Furthermore, the dissent’s statement that some States “had adopted some form of family-care leave” before the FMLA’s enactment, post, at 7, glosses over important shortcomings of some state policies. First, seven States had childcare leave provisions that applied to women only. Indeed, Massachusetts required that notice of its leave provisions be posted only in “establishment[s] in which females are employed.”6 These laws reinforced the very stereotypes that Congress sought to remedy through the FMLA. Second, 12 States provided their employees no family leave, beyond an initial childbirth or adoption, to care for a seriously ill child or family member.7 Third, many States provided no statutorily guaranteed right to family leave, offering instead only voluntary or discretionary leave programs. Three States left the amount of leave time primarily in employers’ hands.8 Congress could reasonably conclude that such discretionary family-leave programs would do little to combat the stereotypes about the roles of male and female employees that Congress sought to eliminate. Finally, four States provided leave only through administrative regulations or personnel policies, which Congress could reasonably conclude offered significantly less firm protection than a federal law.9 Against the above backdrop of limited state leave policies, no matter how generous petitioner’s own may have been, see post, at 13 (the dissent), Congress was justified in enacting the FMLA as remedial legislation.10

In sum, the States’ record of unconstitutional participation in, and fostering of, gender-based discrimination in the administration of leave benefits is weighty enough to justify the enactment of prophylactic §5 legislation.11

We reached the opposite conclusion in Garrett and Kimel. In those cases, the §5 legislation under review responded to a purported tendency of state officials to make age- or disability-based distinctions. Under our equal protection case law, discrimination on the basis of such characteristics is not judged under a heightened review standard, and passes muster if there is “a rational basis for doing so at a class-based level, even if it ‘is probably not true’ that those reasons are valid in the majority of cases.” Kimel, 528 U.S., at 86 (quoting Gregory v. Ashcroft, 501 U.S. 452, 473 (1991)). See also Garrett, 531 U.S., at 367 (“States are not required by the Fourteenth Amendment to make special accommodations for the disabled, so long as their actions toward such individuals are rational”). Thus, in order to impugn the constitutionality of state discrimination against the disabled or the elderly, Congress must identify, not just the existence of age- or disability-based state decisions, but a “widespread pattern” of irrational reliance on such criteria. Kimel, supra, at 90. We found no such showing with respect to the ADEA and Title I of the Americans with Disabilities Act of 1990 (ADA). Kimel, supra, at 89; Garrett, supra, at 368.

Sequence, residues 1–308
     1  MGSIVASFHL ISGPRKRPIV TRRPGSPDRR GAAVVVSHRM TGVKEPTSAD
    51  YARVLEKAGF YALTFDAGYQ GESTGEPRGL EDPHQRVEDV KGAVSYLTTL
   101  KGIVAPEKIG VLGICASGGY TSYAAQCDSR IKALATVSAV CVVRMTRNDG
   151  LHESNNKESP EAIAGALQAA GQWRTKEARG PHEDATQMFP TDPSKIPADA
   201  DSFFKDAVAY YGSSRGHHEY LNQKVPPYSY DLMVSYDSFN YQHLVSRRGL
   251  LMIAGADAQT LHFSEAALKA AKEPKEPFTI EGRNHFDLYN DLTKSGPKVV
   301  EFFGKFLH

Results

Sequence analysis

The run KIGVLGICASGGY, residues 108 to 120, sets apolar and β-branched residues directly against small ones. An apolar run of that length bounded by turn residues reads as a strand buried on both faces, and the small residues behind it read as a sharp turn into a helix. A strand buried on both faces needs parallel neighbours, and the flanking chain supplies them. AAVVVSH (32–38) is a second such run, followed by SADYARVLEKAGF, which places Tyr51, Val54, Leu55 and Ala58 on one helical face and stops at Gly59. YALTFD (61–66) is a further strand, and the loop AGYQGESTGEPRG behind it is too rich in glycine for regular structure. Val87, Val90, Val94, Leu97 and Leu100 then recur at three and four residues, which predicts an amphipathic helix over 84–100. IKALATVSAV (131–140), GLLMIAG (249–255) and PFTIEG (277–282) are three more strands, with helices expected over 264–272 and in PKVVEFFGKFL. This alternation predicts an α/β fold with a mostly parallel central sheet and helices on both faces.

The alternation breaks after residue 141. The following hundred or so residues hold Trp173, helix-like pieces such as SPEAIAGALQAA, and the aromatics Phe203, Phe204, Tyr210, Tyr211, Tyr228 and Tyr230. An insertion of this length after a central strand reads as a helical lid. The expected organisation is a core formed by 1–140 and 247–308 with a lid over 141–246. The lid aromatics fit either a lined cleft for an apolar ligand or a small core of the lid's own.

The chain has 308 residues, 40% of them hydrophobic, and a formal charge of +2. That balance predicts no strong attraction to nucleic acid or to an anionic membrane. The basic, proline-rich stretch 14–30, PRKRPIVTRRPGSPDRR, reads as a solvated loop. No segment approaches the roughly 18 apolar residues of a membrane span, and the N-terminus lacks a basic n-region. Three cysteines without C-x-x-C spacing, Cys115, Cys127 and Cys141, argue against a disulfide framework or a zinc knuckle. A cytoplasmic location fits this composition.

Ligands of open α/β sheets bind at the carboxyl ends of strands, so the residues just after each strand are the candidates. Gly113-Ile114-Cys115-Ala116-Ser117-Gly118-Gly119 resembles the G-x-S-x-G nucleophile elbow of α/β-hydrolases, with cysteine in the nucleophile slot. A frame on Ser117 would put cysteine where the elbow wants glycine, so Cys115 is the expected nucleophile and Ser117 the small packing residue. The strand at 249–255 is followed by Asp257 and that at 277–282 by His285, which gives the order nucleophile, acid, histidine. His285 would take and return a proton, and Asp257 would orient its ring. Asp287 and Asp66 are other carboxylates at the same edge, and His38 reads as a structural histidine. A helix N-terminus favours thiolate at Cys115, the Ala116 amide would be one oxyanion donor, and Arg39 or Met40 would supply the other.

Here, however, Congress directed its attention to state gender discrimination, which triggers a heightened level of scrutiny. See, e.g., Craig, 429 U.S., at 197—199. Because the standard for demonstrating the constitutionality of a gender-based classification is more difficult to meet than our rational-basis test–it must “serv[e] important governmental objectives” and be “substantially related to the achievement of those objectives,” Virginia, 518 U.S., at 533–it was easier for Congress to show a pattern of state constitutional violations. Congress was similarly successful in South Carolina v. Katzenbach, 383 U.S. 301, 308—
313 (1966), where we upheld the Voting Rights Act of 1965: Because racial classifications are presumptively invalid, most of the States’ acts of race discrimination violated the Fourteenth Amendment.